Both sensors in the table above can be powered with 5V power supply. If we are using 5V microcontroller than we can connect sensor’s output directly to the microcontroller’s input pin only using pull-up resistor: If we are using 3.3V microcontroller we can connect sensor’s output to the microcontroller’s input pin directly using 3.3V zener diode: I have checked flow sensor’s output connected to the microcontroller. Sensor keeps duty cycle at 50% even output frequency (flow rate changes): How to get flow rate when frequency is measured:

Q=F/k, where Q is flow rate l/min, F is frequency is in Hertz and k is flow rate coefficient.

How to get pulses amount per one liter:

P=k*60, where P is pulses amount per liter and k is flow rate coefficient.

For example we are using YF-S201 sensor at it’s max flow rate. So F=k*Q. We get:

F=7.5*30l/min=225Hz or 225 pulses per second.

Pulses amount per liter: P=7.5*60=450.

In practice we can use microcontroller to count pulses. In order not to miss pulses we can use interrupts. Interrupt must be generated when microcontroller’s pin input state changes it’s state from high level to low or vice versa. But there the problem may arise: input frequency is 225Hz and can be even bigger for YF-B1 model. From the calculations above interrupt will occur 225 times per second. Microcontroller can be loaded heavily if it also executes many other tasks. So i prefer to use such technique: count number of pulses through a selected period of time. For this two timers are needed:

• one timer is used to count pulses from sensor, let’s call it Tp;
• the second one will count time period, let’s call this timer Tt.

With this approach interrupts are not needed. Microcontroller can calculate flow rate at any free time, because the data required for this (number of pulses and time between the first and the last pulses) is recorded automatically to the timers Tp and Tt registers. For example we can choose 5 seconds time interval. 5 seconds is a decent time to update flow rate to the user quite frequently and to measure flow rate accurately. We only need to check in our code if 5 seconds have passed. For this we need to check timer’s Tt registers. If we have got 300 pulses during 5 seconds, then we need to calculate pulses amount througn a 1 second – this will be frequency F:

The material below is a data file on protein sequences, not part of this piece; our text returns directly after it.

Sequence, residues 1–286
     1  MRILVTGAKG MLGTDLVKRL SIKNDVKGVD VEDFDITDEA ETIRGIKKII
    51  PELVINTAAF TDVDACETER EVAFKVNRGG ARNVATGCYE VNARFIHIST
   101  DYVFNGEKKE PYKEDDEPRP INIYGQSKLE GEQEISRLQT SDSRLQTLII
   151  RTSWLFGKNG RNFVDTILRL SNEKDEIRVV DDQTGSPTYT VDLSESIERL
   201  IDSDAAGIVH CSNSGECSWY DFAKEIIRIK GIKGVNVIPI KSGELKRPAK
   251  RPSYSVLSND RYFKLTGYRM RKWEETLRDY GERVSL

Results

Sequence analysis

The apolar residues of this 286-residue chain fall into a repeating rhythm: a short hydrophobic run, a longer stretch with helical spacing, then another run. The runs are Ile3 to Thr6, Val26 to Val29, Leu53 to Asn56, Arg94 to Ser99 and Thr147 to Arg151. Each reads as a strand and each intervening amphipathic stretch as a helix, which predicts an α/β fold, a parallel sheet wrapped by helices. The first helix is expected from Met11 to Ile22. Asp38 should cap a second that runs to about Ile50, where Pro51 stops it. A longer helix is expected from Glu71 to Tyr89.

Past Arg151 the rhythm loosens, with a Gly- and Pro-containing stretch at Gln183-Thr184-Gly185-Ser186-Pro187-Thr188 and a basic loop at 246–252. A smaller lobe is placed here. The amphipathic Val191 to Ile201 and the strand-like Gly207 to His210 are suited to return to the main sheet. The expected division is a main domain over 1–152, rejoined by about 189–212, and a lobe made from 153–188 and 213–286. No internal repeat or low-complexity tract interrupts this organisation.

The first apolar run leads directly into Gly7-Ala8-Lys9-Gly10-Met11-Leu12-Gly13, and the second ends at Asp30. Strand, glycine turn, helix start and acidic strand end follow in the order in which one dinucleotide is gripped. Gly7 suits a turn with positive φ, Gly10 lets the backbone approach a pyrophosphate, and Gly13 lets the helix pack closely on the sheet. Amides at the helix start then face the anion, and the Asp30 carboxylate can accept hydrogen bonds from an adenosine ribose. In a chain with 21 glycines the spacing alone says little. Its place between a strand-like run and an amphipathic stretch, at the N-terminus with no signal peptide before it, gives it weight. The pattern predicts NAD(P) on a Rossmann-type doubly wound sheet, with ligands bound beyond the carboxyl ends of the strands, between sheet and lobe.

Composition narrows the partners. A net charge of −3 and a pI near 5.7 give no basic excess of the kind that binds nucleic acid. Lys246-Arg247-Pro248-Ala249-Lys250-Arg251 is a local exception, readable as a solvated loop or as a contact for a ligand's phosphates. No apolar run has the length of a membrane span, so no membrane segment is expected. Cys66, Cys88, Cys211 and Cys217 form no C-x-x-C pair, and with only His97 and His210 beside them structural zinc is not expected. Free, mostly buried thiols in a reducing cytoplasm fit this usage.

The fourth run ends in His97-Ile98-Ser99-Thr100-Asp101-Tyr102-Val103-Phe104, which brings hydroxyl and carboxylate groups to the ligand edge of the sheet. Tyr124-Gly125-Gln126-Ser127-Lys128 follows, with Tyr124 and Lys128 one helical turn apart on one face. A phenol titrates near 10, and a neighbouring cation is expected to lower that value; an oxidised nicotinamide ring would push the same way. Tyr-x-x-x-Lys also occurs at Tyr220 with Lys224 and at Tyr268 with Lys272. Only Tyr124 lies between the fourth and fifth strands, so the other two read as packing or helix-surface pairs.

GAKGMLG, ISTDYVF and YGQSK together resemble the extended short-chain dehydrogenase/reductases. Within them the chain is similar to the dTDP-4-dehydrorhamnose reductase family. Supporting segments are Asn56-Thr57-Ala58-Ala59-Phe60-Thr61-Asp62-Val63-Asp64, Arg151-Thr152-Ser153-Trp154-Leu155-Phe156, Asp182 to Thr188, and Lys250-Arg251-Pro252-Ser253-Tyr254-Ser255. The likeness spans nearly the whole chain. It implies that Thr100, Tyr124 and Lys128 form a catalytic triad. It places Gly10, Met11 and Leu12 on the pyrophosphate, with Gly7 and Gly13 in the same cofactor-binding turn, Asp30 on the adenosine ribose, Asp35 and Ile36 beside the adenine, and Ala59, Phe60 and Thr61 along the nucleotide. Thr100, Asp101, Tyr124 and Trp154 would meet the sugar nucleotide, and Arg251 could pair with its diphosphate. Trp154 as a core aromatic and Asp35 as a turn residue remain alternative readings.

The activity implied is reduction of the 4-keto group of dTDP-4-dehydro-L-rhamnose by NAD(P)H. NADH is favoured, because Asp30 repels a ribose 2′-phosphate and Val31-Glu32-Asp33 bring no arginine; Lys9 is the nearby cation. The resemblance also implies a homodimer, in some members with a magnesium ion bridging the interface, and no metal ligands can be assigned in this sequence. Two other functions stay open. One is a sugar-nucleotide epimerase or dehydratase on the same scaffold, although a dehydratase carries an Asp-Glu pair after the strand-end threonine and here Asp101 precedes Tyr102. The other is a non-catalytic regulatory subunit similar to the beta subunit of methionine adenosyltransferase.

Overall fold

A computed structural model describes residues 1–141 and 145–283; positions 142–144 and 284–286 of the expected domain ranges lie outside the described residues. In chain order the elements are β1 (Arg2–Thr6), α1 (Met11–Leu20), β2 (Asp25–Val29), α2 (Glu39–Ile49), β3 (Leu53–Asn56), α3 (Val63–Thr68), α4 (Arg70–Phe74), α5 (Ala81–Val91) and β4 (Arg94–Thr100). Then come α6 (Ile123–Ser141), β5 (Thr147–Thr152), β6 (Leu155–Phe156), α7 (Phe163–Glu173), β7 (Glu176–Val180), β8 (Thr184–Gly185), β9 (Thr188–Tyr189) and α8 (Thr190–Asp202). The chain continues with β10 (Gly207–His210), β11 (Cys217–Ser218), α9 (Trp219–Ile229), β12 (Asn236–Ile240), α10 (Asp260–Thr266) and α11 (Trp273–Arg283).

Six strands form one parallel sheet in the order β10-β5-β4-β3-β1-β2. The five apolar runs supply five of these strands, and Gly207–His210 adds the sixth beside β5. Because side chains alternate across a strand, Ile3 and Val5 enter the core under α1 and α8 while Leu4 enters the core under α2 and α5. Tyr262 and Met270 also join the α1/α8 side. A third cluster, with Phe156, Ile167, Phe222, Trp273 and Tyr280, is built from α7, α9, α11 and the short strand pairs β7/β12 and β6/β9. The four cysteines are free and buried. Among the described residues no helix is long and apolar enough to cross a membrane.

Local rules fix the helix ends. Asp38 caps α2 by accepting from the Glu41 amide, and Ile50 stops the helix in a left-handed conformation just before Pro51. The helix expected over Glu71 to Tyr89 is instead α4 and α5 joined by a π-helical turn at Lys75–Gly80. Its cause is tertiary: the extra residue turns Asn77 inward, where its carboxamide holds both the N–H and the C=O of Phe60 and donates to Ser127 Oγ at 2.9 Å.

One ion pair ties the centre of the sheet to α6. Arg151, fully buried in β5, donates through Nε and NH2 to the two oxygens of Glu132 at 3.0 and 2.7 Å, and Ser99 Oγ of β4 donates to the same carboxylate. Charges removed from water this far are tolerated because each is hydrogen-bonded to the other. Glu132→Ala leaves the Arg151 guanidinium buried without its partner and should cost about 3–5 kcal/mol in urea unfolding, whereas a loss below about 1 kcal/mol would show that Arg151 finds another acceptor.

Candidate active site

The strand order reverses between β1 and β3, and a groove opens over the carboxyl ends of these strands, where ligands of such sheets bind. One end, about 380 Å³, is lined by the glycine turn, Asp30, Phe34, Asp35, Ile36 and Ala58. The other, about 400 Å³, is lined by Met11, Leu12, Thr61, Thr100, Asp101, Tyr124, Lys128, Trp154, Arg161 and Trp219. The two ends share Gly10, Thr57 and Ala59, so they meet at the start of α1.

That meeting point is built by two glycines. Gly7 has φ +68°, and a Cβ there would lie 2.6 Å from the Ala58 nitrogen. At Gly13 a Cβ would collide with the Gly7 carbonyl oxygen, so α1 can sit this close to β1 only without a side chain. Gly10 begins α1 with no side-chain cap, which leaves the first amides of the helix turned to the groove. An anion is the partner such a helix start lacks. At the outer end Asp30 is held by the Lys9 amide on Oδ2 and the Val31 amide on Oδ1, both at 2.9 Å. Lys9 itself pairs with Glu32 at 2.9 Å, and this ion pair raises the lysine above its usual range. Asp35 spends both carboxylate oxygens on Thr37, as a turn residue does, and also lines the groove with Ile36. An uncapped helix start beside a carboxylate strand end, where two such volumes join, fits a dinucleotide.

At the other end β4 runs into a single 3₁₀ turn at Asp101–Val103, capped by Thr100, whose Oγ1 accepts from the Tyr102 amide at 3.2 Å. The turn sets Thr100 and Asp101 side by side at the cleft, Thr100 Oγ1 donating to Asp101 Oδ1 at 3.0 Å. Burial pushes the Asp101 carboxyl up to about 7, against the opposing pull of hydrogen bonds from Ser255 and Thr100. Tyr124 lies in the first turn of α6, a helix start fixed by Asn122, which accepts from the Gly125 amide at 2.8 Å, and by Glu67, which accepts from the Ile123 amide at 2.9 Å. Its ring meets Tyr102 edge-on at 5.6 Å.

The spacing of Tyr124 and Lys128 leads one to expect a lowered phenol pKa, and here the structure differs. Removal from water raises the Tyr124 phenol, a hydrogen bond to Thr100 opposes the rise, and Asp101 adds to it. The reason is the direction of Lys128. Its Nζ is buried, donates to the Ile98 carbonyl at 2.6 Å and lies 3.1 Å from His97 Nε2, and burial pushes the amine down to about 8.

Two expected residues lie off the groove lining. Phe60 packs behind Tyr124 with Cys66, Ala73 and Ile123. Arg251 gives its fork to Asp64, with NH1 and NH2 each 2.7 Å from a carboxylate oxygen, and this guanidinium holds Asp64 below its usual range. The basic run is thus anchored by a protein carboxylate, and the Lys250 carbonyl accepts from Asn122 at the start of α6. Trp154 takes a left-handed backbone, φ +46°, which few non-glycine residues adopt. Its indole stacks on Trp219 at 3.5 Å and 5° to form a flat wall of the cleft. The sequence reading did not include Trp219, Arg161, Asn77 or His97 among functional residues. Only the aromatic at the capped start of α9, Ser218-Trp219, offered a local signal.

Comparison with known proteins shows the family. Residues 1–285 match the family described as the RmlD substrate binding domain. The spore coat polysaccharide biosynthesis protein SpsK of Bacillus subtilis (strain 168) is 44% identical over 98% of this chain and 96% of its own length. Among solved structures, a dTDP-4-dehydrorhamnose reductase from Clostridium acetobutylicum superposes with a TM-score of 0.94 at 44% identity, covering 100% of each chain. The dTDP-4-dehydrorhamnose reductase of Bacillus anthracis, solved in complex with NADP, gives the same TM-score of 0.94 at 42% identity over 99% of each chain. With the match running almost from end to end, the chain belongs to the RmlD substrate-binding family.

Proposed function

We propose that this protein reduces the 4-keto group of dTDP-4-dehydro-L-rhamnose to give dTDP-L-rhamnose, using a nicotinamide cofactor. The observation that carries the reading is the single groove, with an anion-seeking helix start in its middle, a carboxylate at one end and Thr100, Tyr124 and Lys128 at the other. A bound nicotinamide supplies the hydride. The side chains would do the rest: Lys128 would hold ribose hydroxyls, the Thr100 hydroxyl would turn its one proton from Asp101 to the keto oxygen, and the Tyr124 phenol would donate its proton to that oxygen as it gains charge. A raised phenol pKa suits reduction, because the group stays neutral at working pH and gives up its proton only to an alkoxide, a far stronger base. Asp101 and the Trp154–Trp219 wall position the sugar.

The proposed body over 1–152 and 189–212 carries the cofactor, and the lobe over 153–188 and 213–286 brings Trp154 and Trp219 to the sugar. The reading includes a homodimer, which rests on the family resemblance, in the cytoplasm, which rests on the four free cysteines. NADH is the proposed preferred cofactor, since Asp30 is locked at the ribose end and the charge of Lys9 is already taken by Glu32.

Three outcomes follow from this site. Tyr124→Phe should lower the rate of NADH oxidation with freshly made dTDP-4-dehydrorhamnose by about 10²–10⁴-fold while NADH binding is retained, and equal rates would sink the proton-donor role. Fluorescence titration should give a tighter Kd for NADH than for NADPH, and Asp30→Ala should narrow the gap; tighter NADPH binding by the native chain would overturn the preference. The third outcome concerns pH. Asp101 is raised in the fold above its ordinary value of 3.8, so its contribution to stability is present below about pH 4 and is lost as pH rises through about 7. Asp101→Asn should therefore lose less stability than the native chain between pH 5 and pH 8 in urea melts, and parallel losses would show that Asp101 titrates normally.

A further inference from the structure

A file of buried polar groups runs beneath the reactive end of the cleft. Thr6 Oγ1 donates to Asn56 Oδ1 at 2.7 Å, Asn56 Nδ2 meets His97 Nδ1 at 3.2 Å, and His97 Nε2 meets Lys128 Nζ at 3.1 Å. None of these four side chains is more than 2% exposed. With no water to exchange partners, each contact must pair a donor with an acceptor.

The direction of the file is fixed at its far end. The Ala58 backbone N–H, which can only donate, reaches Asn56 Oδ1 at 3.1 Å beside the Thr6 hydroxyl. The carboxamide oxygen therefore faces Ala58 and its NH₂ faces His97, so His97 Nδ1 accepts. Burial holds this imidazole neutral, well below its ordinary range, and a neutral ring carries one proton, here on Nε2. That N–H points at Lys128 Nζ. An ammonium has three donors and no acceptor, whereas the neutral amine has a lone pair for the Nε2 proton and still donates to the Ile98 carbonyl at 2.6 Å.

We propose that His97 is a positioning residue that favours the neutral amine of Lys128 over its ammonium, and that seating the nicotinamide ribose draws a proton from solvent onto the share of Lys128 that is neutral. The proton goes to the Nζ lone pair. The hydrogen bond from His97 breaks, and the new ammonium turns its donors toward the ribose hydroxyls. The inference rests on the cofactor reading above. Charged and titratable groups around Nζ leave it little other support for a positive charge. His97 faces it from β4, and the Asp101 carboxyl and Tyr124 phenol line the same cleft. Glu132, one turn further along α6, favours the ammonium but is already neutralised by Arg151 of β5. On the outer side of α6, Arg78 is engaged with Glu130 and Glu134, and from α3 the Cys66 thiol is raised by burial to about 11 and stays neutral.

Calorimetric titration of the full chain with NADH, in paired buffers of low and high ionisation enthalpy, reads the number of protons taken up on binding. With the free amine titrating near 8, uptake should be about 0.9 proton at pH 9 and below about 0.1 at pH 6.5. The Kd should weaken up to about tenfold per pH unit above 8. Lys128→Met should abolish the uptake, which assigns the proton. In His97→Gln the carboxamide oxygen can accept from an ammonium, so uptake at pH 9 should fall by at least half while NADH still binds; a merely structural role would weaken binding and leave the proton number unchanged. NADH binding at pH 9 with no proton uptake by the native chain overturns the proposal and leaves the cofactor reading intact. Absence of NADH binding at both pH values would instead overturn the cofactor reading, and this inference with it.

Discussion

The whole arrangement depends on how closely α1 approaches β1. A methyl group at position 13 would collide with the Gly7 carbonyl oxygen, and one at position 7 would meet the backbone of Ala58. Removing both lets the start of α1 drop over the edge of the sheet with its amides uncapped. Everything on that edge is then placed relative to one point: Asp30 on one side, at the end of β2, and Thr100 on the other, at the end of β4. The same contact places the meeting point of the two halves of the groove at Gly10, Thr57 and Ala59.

F=300pulses/5sec =60Hz.

Knowing frequncy F anf coefficient k now we can calculate actual flow rate:

Q=F/k; Q=60Hz/7.5=8l/min; 8l/min*60min=480l/h

There is one little problem: timer Tt will not count time directly, it counts pulses like all timers. So we need to know exact time between pulses. For example we now that our timer increments each 16usec. Then one second will contain amount of pulses:

1/16*10-6=62500pulses

Because we need to wait for 5 seconds, pulses amount will be:

62500*5=312500pulses

So we neeed to check continuously if Timer Tt has a value bigger than 312500 in it’s registers. Because such value can not be handled with 16 bit timer, we can use 32 bit timer. And so the final formula for flow rate calculation will be:

Q=Tp/Tt*Ttp*k

where Q is flow rate l/min; Tp – number of pulses from sensor- (timer’s Tp register value); Tt – number of time pulses (timer’s Tt register value); Ttp – time between timer’s Tt increments in seconds; k – flow rate coefficient.

From the given values above we get:

Q=300/312500*16*10-6*7.5=8l/h or

8l/min*60min=480l/h.

When we check timer’s register for a value bigger then  312500 than we will not get exact 312500 value – it will be bigger. So we need to write in formula exact timer’s Tt register value.

That’s all for today, if you have a questions for calculations then feel free to ask me.